If i will sell this property in future for higher then my purchase price, Do i have to pay capital gain tax ?
    Please answer me. I am really confused. Thanks.

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  11. I reneted out part (45%) of my principal home. when i filed my income tax return, i report rental income & expences (Except CCA) When i check online in "My Account" there is carryforward amount of Net rental income (Gain). I did not do any structural changes in my principal property.

    Reply

  12. We purchased a home in 1999 for $119K and spent approx $50K in renovations. Now, it's appraised at $350K and we've since moved to another home and are allowing our kids to live at that property while they save for a home of their own. When we go to sell that house, will the capital gains amount be the difference between 119K – 350K= $231 OR 119K + 50K – 350K = $181K? If it's the difference between 119K and $350K, is there some way to recoup the $50K in renovations?

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  13. We bought a town house in 2003 as our principal residence for 204,000 . In 2008 we have it asssed and the value is 260',000. We bought another property in same year in 2008 and have the townhouse rented out. If i am going to sell now the townhouse for 300,000 how much capital gain tax i have to pay considering i lived their for five years as my principal residence.

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  14. I have moved to another province but have not sold my residential property yet. If I buy a new 2nd property, how much time do I have to sell my first property to avoid paying tax on the capital gain?

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  15. I purchased land in 1977 for 7,000. Built a house and moved in 87. It's been rented ever since. It's now assessed at 177,000. If I sell how much tax would I pay?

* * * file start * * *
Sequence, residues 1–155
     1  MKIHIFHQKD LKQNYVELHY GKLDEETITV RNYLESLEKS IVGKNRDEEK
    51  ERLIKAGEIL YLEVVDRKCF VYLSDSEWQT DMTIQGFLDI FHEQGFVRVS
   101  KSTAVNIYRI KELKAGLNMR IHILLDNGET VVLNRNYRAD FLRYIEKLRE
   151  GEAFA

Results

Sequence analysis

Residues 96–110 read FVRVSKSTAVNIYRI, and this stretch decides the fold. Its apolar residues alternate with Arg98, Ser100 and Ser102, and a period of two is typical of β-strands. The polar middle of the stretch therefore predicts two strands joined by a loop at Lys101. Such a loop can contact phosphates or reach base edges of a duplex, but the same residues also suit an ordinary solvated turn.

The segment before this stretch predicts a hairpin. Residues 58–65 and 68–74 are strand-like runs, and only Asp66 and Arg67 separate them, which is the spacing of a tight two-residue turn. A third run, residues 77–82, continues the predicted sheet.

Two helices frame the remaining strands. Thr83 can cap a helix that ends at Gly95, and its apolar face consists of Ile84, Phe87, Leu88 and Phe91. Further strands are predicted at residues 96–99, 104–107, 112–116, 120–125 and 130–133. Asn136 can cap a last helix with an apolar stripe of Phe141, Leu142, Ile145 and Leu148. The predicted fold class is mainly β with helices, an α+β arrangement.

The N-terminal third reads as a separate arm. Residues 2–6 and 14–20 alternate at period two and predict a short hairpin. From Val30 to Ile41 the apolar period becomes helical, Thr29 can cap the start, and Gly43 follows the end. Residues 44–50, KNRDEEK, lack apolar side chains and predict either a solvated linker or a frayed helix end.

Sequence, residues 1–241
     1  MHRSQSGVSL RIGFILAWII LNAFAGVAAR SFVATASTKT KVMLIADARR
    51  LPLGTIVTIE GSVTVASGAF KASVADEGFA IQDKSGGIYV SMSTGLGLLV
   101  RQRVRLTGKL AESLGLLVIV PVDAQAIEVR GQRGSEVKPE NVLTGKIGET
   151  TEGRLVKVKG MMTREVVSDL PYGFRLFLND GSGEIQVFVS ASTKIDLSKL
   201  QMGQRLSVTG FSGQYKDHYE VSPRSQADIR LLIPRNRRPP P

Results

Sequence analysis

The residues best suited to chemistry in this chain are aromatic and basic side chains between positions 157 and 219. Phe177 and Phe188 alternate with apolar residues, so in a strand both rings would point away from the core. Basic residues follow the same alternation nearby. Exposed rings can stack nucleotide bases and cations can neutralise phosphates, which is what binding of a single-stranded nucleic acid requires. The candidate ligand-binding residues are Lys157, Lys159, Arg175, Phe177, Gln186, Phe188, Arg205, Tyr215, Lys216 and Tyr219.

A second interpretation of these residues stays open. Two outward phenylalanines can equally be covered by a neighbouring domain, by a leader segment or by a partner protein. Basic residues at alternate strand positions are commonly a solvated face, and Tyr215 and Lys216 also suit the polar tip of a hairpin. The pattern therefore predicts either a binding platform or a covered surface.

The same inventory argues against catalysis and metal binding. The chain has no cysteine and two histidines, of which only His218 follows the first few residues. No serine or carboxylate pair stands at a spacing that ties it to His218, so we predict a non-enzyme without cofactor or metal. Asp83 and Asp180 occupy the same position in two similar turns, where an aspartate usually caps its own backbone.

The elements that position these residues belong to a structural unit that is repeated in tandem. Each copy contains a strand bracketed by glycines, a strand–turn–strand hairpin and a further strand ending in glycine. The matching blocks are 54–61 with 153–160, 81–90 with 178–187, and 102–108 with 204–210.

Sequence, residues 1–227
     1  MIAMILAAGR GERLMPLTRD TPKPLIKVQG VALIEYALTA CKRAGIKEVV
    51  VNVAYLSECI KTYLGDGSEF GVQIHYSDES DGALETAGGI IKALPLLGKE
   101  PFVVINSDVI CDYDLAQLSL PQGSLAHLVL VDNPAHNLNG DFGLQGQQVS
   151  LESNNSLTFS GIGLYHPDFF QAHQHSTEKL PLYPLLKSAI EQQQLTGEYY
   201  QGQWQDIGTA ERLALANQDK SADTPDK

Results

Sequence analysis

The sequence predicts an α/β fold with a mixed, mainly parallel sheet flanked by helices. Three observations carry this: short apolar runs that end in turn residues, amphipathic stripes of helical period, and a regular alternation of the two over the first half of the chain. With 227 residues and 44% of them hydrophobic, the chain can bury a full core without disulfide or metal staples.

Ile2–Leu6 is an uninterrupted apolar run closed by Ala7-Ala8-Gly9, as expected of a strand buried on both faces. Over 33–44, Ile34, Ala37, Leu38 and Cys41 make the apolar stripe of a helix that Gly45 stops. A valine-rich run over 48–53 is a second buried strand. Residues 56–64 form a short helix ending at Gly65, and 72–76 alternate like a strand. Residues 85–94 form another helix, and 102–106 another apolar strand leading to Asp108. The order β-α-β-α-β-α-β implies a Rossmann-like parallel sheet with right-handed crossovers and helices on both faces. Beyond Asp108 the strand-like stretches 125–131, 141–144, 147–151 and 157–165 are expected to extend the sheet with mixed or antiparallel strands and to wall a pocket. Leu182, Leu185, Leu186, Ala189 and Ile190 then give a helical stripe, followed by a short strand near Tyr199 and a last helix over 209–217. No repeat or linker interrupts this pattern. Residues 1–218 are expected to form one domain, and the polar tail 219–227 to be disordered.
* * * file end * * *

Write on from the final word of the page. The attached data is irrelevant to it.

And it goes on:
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    • In your case you have a lot of things going against you. From 1977 to 1987 is probably when most of the increase in value of the property occured since you basically built a house on vacant land, but you probably don't have any evidence or records of that increase in value or how much it cost you (e.g. cost of building materials, labor expenses), nor did you do a deemed disposition during the change in use. You may not even have properly reported your rental income.

      All of these combined means the only thing you can prove to the CRA is that it costs you $7000 to acquire the property and it's now worth $177,000, and they're going to want you to pay taxes on the difference. Then, if you didn't report your rental income properly, they're going to force you to pay taxes on that, plus interest for late payment, plus penalties for not reporting properly.

      Find a professional who knows what they are doing and who can work with CRA to minimize your tax liabilities here. But get a quote first, as hiring professionals doesn't always get you your moneys worth!

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  16. My Father bought a 1/2 duplex in Edmonton in 1979. He put his girlfriend and myself on the title, we were all joint owners, I was 19 at the time and living with them. I later moved out when I married, my father and his girlfriend were married in 1986. My father passed away in January of 2015, so that left his wife and I each a 50-50 ownership. His wife and I don’t get along so she went to court to disolve the ownership and place it in tenants in common, so she took half of her half and sold it to her neice for $1.00. I don’t want to deal with a stranger over my fathers house so told my lawyer I would like for the wife and niece to buy me out, so my lawyer is working on that right now. What happens after that is finalized? Thank you for your help

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  17. looking for how two parents can sell their cottage (second home) and not pay capital gains ….assumed they sell before they both die. Principal residence(other home) will have no capital gains when it’s sold upon death of both, as it’s the principal residence.

    Reply